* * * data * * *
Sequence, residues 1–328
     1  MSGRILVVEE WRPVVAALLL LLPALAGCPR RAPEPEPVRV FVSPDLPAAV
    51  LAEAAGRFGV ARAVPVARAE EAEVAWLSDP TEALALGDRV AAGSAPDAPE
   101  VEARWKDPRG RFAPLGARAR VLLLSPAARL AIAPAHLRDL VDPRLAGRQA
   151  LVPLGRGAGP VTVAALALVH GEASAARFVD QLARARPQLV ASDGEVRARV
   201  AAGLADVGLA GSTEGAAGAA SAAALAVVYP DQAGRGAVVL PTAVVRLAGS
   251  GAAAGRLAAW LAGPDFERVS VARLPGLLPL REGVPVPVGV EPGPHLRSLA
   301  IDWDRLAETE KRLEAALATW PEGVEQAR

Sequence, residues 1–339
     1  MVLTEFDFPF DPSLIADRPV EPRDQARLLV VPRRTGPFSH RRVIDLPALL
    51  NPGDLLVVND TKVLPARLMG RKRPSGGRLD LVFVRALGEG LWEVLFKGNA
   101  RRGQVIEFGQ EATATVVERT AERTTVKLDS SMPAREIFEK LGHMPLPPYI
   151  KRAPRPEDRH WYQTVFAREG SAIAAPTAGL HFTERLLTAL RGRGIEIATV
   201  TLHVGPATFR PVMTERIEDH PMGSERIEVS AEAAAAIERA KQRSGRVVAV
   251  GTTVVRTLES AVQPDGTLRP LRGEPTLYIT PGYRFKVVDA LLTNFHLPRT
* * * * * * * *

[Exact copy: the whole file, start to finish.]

Sequence, residues 1–328
     1  MSGRILVVEE WRPVVAALLL LLPALAGCPR RAPEPEPVRV FVSPDLPAAV
    51  LAEAAGRFGV ARAVPVARAE EAEVAWLSDP TEALALGDRV AAGSAPDAPE
   101  VEARWKDPRG RFAPLGARAR VLLLSPAARL AIAPAHLRDL VDPRLAGRQA
   151  LVPLGRGAGP VTVAALALVH GEASAARFVD QLARARPQLV ASDGEVRARV
   201  AAGLADVGLA GSTEGAAGAA SAAALAVVYP DQAGRGAVVL PTAVVRLAGS
   251  GAAAGRLAAW LAGPDFERVS VARLPGLLPL REGVPVPVGV EPGPHLRSLA
   301  IDWDRLAETE KRLEAALATW PEGVEQAR

Sequence, residues 1–339
     1  MVLTEFDFPF DPSLIADRPV EPRDQARLLV VPRRTGPFSH RRVIDLPALL
    51  NPGDLLVVND TKVLPARLMG RKRPSGGRLD LVFVRALGEG LWEVLFKGNA
   101  RRGQVIEFGQ EATATVVERT AERTTVKLDS SMPAREIFEK LGHMPLPPYI
   151  KRAPRPEDRH WYQTVFAREG SAIAAPTAGL HFTERLLTAL RGRGIEIATV
   201  TLHVGPATFR PVMTERIEDH PMGSERIEVS AEAAAAIERA KQRSGRVVAV
   251  GTTVVRTLES AVQPDGTLRP LRGEPTLYIT PGYRFKVVDA LLTNFHLPRT